Preventing Heat and Hydration Related Problems in Young Athletes
August 27, 2019
Taking steps to stay healthy and hydrated this summer is especially important for athletes to avoid injuries and remain safe.
It’s summertime in the tri-state, and that means high temperatures and brutal humidity! While taking preventative steps might not be necessary if you plan to spend the summer in the air conditioning, it is imperative for athletes—especially young athletes. The younger the athlete, the more important it is to take steps to avoid heat related illness like dehydration or heat cramps. Here are a few tips that will help your child stay safe while enjoying the rigors of summer sports.
Ease into the heat
It is strongly recommended to ease young athletes into the heat over a 10-14-day period. This helps their bodies learn to adapt to the additional demands of high temperatures and high humidity during physical exertion.
Coaches, trainers, and parents need to be aware of the dangers of pushing young athletes too hard before proper adaptation has occurred. This can lead to dehydration and heat stroke, with serious repercussions. In fact, according to the Journal of Athletic Training, most heat related deaths in football players occurred during the first or second day of two-a-day practices. Easing into the heat is crucially important for athletes.
Acknowledge that it’s okay to stop
Sports almost always reward the hardest working athletes, but this mentality can backfire during the hot summer months. Athletes, particularly football players and runners, need to be aware of what their body is telling them and respond accordingly.
This means taking actions like resting or cooling off before it is too late. If an athlete thinks they need to take a break or get a drink, they should be encouraged to do so. Thirst is one of the earliest signs of dehydration – which means athletes should be hydrating before, during and after physical activity. This is especially true early in the summer, or once additional clothing, equipment, or pads are added to practices.
Stay hydrated, even outside of sports
Being well hydrated simply means making sure your body has an adequate amount of water. This is crucial in preventing heat related illnesses and is important for overall health. The amount of water your athlete requires depends on their age, size, gender, and diet.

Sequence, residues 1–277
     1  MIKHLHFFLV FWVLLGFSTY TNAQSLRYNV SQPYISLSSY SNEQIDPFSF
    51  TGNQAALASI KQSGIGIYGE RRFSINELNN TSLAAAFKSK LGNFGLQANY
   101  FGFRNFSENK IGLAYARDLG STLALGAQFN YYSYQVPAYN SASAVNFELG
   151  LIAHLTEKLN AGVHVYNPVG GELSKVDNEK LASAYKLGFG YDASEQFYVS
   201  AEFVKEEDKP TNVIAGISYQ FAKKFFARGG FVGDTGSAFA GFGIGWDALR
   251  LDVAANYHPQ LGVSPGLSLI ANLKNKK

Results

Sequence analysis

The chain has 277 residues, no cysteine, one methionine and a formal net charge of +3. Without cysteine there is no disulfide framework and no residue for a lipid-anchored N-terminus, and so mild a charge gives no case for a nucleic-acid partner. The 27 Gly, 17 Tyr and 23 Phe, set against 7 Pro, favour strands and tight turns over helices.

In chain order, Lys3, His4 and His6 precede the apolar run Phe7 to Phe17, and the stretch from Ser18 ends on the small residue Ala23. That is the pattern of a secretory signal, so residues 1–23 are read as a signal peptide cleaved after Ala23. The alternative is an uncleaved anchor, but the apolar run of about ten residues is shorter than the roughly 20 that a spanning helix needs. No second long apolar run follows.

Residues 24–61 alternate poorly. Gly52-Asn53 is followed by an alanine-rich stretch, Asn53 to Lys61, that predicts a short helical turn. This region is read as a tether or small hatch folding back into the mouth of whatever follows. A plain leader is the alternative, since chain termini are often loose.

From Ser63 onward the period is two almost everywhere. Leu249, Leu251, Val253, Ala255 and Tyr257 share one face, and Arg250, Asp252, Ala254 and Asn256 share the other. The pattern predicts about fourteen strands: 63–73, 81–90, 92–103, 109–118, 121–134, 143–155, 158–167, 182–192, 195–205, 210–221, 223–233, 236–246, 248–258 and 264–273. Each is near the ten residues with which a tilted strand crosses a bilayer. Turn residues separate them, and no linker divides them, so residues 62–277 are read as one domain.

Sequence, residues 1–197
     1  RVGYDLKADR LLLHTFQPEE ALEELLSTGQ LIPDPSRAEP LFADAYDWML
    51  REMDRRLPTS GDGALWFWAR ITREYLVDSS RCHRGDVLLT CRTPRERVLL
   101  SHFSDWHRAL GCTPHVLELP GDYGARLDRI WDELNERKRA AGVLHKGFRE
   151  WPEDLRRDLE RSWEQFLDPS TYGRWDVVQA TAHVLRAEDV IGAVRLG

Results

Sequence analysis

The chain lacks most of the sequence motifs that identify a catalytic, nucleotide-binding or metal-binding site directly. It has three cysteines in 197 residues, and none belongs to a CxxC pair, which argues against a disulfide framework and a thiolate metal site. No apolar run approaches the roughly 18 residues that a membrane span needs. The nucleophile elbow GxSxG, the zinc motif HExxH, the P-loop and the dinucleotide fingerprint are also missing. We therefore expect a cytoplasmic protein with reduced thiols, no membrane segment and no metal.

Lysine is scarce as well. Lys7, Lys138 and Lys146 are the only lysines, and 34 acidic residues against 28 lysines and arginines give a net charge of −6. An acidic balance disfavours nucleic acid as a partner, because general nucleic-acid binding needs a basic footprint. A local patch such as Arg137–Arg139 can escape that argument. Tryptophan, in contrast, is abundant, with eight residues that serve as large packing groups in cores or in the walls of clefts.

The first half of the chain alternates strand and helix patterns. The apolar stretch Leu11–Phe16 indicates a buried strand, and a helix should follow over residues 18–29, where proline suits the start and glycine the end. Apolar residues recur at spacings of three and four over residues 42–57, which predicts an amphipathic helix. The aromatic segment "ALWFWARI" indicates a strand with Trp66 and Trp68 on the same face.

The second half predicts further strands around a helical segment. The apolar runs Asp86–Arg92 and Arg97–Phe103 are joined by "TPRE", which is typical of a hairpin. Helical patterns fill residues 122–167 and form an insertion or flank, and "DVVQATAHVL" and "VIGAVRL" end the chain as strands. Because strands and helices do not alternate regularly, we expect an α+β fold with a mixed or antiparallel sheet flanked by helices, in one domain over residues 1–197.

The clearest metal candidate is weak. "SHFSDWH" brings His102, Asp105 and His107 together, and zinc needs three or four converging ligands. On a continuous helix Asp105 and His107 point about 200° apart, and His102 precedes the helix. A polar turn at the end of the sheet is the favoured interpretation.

Some research suggests that the biggest impact on hydration is the amount of water consumed the previous 24-hours. This means if an athlete will be at practice in high temperatures all day Monday, chugging 20-oz of water on the way to practice may not help as much as staying hydrated on Sunday. Keeping this in mind can help you encourage your athlete to stay hydrated, even on off days.
How to respond to heat related illness
Signs of heat related illness include confusion, thirst, light headedness, etc. Similarly, vomiting, muscle cramps, goosebumps, chills, hyperventilating, and other physiological signs are indicators of dehydration or overheating and should be dealt with immediately.
When a young athlete overheats, take action and treat it like an emergency. A delayed response may result in long-term damage to the brain or body, or even death in extreme situations. Remove any additional equipment or pads and have them sit in an ice bath (cold water and ice) to lower their temperature if possible. Moving the athlete into shade or air conditioning and providing cool rags can also help lower their body temperature until proper medical staff can arrive. While the athlete is consuming liquids and their temperature is being lowered, call 9-1-1.
About Beacon Orthopaedics
The outstanding sports medicine team at Beacon Orthopaedics provides medical care and supervision for over 30 local high schools and five college athletic programs. Additionally, hundreds of athletes are cared for via Beacon’s athletic trainers and physician coverage of extracurricular youth sports (click here for a full list).
With appointment availability Monday through Friday and walk-in Orthopaedic Urgent Care hours, you can see a physician when it fits your schedule. Contact Beacon Orthopaedics by phone 24/7 at (513) 354-3700 or schedule an appointment online at your convenience at BeaconOrtho.com.